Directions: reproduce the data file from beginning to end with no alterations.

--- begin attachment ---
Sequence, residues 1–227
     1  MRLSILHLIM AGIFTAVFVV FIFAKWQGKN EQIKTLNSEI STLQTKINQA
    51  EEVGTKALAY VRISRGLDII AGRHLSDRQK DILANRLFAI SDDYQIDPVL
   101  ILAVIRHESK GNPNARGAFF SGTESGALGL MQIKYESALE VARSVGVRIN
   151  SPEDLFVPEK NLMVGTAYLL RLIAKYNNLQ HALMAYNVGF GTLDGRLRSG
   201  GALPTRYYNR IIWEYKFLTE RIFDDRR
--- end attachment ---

Sequence, residues 1–227
     1  MRLSILHLIM AGIFTAVFVV FIFAKWQGKN EQIKTLNSEI STLQTKINQA
    51  EEVGTKALAY VRISRGLDII AGRHLSDRQK DILANRLFAI SDDYQIDPVL
   101  ILAVIRHESK GNPNARGAFF SGTESGALGL MQIKYESALE VARSVGVRIN
   151  SPEDLFVPEK NLMVGTAYLL RLIAKYNNLQ HALMAYNVGF GTLDGRLRSG
   201  GALPTRYYNR IIWEYKFLTE RIFDDRR